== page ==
March Madness is known for its upsets, its wild games, and of course, its buzzer-beaters. There have been many buzzer-beaters over the years, but some stand out more than others. These are the iconic buzzer-beaters that, especially if you watched them live, you would remember forever.
Where does Gonzaga’s Jalen Suggs’ last-second, from-the-logo bank shot to fall in the pantheon of all-time March Madness buzzer-beaters? It can be argued that, for several reasons, it is the best buzzer-beater in the history of college basketball. Here’s a look at some of the other shots it can be compared to.
Too Far from Midnight
To be the best buzzer-beater in college basketball history, it must happen during March Madness, first and foremost, so that puts Suggs’ shot in contention right away. As the tournament goes along and the stakes and the pressure ramp up, the buzzer-beaters take on more importance.
Because a later in the tourney buzzer-beater makes a better buzzer-beater, the Suggs shot has to be ranked ahead of all the famous first and second-round game-winners. This includes Valparaiso’s Bryce Drew’s three versus Ole Miss in 1998, Paul Jesperson’s half-court heave for Northern Iowa to upset Texas in 2016, and Tyus Edney’s full-court scamper to sink Missouri in 1995.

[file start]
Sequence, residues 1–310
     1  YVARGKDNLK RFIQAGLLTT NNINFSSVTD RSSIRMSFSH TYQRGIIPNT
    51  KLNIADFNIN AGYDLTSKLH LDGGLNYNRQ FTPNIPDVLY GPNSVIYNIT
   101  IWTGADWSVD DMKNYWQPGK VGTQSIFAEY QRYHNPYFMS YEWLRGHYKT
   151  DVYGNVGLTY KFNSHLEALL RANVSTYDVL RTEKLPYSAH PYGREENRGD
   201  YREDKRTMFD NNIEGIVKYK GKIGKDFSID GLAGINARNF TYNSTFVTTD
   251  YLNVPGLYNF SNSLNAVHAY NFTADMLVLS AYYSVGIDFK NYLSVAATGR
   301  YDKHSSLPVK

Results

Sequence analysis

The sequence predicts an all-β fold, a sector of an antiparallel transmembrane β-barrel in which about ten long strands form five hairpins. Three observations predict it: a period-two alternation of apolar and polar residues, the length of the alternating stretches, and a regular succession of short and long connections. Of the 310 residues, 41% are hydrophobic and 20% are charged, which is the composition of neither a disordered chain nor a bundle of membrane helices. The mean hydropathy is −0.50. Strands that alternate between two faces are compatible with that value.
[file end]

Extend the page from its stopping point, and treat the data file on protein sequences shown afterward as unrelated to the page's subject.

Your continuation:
Still Not Late Enough
Once you get out of the first weekend, the buzzer-beaters become more meaningful and more memorable. The second weekend has produced two of the most famous college basketball shots. For the over-40 crowd, Tate George’s turnaround from the corner ranks up there with the best-ever shots of the tournament. It was only in the Sweet 16, but it was the shot that put Jim Calhoun and UConn on the map and set them up for all their success to come.
By far, the most famous shot in college basketball history came in the 1992 Elite 8 with Duke’s Christian Laettner game-winner over Kentucky. Laettner also hit a great buzzer-beater to knock out the Tate George UConn team above, but it is the three-quarters-court pass from Grant Hill and Laettner’s turnaround that people remember. This was also in overtime like Suggs’ shot, and there was probably more star power in this game, but the game wasn’t the Final Four.
Later but Not Greater
There have been two incredible National Championship-winning buzzer-beaters in March Madness history. In 1983, NC State’s Lorenzo Charles dunked home an airball at the buzzer to upset the seemingly unstoppable Phi Slamma Jamma Houston Cougars. The image of the late NC State coach Jim Valvano running around looking for someone to hug is one of the tournament’s best-ever images.
In 2016, there was Ryan Arcidiacono’s scoop to Kris Jenkins for three to give Villanova the win over North Carolina and win Jay Wright his first National Championship. While these shots were both amazing and allowed their team to hoist the trophy, they weren’t in overtime, and they do not have the full weight of history that Suggs’ shot might.